Stay well hydrated, particularly if you are flying or going to a warm climate or high elevation. Dehydration can be sneaky, and lead to all kinds of problems, easily prevented by drinking a bit more water. That water should be bottled if you are in a place where there are any doubts about the native water supply, and lay off the alcohol, which itself is dehydrating.

Be active. Walk, swim, bike, hike, and burn off those vacation calories. There is always that special dessert, the regional pastry, the sweet treat to tempt you. All things being equal, you can have a taste, a portion, of the treat, but be sure to remain active to burn off those calories. Even on cruises, where you may be tempted with a dozen meals a day, walking the decks can prevent a vacation bloat.

Take time to rest. We all know those “on the bus, off the bus, walk around and back on the bus” tours, and they can be exhausting. Just got back from the all day excursion and there's a midnight bonfire and dance-a-thon until dawn? Got up early this morning to climb the path and see a great sunrise, and now, at dinner time, you're beat? Know when to stop, when to say you've had enough, when to go to bed. Wiping yourself out can only lead to your missing the rest of the trip, and taking more time to recover at home.

Don't be afraid to ask. If you're in a restaurant and you don't understand a menu item, ask for an explanation. If it is something you can't, or don't, eat, ask for a change. In general, the better the restaurant, the more likely they will be willing to accommodate a special request. Be careful of regional foods which your digestive tract may not know. The best time to taste a new and exciting new food may not be when you don't have a ready support system available in case of a reaction. There are times that a little taste, rather than a chomp, may be the prudent thing to do.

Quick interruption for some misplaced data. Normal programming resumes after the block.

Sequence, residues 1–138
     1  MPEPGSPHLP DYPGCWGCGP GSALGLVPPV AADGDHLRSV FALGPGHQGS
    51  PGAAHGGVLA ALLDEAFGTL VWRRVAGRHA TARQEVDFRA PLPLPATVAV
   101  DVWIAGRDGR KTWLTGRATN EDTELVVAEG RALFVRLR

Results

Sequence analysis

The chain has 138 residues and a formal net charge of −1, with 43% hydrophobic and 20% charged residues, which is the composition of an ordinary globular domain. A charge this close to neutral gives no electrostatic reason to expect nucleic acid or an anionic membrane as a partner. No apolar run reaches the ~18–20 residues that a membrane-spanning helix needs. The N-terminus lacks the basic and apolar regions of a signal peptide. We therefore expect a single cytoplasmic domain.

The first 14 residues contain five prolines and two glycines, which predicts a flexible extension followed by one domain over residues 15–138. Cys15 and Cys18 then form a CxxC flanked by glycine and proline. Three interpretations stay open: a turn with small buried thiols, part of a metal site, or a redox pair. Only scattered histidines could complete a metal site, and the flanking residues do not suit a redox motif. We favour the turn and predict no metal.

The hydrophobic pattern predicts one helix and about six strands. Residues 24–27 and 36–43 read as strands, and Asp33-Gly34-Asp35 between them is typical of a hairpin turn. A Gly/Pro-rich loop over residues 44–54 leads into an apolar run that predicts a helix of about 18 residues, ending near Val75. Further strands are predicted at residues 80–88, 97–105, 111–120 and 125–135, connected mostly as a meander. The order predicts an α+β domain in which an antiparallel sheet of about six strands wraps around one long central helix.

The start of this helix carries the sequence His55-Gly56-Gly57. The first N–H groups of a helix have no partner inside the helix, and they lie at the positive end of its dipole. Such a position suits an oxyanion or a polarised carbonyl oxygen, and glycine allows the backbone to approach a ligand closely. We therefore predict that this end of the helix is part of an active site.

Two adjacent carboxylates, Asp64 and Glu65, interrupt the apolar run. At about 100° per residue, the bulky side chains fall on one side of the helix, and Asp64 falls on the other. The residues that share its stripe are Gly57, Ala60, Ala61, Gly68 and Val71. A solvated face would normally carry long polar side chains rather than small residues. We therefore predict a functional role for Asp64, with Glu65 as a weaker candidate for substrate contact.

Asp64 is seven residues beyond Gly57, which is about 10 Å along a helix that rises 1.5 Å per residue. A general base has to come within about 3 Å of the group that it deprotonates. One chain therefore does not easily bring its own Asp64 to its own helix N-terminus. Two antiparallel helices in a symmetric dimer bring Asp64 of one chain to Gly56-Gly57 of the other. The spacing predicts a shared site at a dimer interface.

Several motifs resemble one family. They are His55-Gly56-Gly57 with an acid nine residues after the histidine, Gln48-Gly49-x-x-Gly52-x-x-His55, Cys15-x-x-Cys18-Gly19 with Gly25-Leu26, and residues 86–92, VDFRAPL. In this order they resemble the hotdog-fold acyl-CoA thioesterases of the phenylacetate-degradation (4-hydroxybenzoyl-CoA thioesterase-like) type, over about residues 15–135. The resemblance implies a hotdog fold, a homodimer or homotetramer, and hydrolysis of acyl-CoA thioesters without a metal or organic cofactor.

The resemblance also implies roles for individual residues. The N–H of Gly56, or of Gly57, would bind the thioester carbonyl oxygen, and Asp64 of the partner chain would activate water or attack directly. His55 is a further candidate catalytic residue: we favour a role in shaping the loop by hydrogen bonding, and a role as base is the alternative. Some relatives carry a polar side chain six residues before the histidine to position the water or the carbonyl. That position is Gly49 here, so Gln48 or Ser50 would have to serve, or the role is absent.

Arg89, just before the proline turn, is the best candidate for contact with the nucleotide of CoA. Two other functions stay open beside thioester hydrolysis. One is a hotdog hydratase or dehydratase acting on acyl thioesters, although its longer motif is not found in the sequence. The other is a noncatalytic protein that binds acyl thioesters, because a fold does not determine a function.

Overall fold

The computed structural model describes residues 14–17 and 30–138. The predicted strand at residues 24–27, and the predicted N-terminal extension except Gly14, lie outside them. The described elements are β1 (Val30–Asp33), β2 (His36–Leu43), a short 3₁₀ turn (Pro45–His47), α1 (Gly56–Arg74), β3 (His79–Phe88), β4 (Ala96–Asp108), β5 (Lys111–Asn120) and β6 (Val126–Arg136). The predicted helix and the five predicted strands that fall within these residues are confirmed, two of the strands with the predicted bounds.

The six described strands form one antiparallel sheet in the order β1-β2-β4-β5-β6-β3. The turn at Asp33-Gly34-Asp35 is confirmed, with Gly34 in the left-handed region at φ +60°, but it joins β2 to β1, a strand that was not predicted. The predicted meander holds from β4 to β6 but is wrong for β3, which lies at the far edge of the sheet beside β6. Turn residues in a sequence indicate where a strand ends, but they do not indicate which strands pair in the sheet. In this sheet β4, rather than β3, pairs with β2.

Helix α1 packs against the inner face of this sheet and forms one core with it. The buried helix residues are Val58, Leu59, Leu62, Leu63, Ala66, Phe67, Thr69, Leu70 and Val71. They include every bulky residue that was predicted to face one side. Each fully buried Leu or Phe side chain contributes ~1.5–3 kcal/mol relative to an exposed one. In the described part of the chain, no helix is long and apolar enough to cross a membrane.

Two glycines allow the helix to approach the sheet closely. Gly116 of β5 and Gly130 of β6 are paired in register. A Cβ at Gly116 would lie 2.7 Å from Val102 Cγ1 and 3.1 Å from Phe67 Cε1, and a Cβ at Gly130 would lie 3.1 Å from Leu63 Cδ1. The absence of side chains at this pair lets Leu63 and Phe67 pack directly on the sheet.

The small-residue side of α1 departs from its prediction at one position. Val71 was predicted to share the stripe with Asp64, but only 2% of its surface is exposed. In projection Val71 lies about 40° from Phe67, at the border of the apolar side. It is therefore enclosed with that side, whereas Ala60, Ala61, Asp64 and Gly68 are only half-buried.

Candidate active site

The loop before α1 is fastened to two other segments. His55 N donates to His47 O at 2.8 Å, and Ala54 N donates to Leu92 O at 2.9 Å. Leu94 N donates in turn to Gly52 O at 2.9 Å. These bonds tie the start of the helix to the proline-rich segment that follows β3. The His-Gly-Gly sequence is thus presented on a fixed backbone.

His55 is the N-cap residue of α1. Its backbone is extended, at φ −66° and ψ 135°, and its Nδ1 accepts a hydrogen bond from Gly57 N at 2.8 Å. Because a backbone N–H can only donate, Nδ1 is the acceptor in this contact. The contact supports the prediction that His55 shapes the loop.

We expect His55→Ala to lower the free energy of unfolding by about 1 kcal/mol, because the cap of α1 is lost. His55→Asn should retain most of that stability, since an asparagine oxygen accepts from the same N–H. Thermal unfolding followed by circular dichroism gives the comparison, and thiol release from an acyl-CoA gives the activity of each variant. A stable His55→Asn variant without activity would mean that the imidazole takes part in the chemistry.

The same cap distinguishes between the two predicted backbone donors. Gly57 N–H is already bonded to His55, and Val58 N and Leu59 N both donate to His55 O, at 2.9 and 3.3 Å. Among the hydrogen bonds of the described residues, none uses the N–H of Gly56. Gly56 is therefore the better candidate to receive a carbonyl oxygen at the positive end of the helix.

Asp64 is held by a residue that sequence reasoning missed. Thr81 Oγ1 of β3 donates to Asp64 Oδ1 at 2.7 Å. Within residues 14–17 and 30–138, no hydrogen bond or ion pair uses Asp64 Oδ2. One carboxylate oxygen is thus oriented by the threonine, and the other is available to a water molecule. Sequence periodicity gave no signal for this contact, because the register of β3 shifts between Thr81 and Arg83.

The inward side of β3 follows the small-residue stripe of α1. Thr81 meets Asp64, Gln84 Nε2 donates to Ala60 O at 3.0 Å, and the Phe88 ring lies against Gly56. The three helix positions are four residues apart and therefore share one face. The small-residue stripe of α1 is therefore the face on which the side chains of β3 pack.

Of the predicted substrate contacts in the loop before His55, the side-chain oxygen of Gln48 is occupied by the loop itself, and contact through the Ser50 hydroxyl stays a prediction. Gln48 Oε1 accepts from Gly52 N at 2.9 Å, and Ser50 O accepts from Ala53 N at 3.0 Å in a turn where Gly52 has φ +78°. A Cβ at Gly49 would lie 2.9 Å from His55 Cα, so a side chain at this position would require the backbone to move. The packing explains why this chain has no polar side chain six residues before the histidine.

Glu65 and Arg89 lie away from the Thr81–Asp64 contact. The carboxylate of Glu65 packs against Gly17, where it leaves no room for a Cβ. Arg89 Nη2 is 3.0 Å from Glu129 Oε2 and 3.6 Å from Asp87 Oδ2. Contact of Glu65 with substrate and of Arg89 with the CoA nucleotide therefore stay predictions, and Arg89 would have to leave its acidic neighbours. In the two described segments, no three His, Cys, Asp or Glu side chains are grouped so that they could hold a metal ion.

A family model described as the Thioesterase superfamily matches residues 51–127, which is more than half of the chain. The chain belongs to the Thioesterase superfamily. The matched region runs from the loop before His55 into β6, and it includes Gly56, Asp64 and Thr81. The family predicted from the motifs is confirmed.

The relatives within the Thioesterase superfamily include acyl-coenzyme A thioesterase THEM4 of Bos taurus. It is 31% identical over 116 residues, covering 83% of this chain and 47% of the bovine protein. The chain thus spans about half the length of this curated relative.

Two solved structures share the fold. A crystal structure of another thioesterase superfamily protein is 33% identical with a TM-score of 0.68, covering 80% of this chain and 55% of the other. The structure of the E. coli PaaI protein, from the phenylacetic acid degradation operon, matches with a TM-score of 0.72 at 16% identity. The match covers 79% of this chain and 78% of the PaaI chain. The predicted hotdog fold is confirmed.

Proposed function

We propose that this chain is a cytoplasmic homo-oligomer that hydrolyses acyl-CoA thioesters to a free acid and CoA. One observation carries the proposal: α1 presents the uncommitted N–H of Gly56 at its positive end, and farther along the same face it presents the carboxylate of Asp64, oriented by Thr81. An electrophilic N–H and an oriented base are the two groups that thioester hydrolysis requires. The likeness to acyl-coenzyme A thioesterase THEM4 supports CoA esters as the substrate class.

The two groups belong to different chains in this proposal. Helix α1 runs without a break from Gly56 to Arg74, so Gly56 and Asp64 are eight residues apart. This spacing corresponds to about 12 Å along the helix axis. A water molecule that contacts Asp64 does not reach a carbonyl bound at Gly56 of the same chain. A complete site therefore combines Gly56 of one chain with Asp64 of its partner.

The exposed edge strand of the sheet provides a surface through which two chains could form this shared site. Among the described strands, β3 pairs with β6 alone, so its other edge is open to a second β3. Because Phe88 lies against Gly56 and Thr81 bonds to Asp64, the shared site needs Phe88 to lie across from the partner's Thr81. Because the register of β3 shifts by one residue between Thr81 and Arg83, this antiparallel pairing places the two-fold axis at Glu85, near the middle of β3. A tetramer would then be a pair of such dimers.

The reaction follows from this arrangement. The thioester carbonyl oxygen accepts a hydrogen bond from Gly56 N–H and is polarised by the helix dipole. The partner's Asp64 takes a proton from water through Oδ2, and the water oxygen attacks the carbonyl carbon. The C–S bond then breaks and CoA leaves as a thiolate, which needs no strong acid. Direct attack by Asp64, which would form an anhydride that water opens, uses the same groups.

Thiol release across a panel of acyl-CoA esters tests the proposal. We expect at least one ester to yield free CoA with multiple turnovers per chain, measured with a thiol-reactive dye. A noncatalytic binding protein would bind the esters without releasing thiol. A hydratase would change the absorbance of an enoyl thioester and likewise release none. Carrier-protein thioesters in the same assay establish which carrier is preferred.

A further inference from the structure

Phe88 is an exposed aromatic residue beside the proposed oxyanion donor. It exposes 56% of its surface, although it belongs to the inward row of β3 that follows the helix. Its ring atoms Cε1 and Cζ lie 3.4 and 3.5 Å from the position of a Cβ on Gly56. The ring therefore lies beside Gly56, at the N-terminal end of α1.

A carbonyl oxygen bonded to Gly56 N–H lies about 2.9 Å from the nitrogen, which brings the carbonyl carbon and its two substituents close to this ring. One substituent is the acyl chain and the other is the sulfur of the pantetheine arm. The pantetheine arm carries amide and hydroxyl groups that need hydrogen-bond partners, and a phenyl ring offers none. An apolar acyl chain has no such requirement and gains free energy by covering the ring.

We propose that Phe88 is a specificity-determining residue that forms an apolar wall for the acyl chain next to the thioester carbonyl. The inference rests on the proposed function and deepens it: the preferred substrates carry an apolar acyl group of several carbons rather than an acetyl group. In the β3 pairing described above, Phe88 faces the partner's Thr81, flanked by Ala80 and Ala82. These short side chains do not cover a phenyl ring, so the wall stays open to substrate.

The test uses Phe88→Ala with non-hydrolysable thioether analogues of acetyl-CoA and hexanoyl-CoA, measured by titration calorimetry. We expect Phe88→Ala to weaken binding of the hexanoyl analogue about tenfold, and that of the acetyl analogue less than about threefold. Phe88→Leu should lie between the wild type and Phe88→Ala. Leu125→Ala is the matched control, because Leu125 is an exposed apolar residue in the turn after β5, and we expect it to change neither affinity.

Stuff when you get home

Reschedule. Just as you may have had to shift times going, so do you have to do the same, in reverse, when coming home. It may be easier, depending on the direction of travel, and you may be able to relax a bit more at home than you could arriving at your vacation destination, but going to work the day after you get back may not be a good idea.

Wash and rinse. Wash everything you took with you, even if you did not wear it. Wash out your suitcases and watch out for little critters that may have hitched a ride. Bedbugs have entered homes through luggage, luggage that may have become contaminated in the cargo hold of a plane or ship. So even if you think you're okay, some precautions never hurt.

Finish your medicines. If you are on a course of medication to prevent disease, such as malaria, that should continue for a time after you return home, finish the meds. Don't assume that just because you are home all is fine to stop it. If you have any concerns about your health from the trip, call your physician and discuss your issues. You may need to be seen to insure that all is well.

Relax. You had a great time, relax a bit while you let it all soak in. Look at your pictures, check out those souvenirs, wait for the packages of purchases to arrive, and just enjoy. Makes some notes of what you did right, and what you may have done wrong, so that next year's trip is even better!


  1. Excellent presentation. Regarding the possibility of bedbugs, I wonder whether it is wise to keep your clothes in your suitcases instead of putting them away in drawers in the room of your hotel. This may not be practical, though, if you are going for an extended time, e.g., 2 or more weeks.

  2. It's not a bad idea, at all. But remember that the critters can be on the floor, and can still get into your luggage. Best advice is to check out the room for signs of bedbugs when you first check in; pull back the bedding, look around and look for the dark lines of old blood. There are websites that have full guidelines for this. If you find them, leave!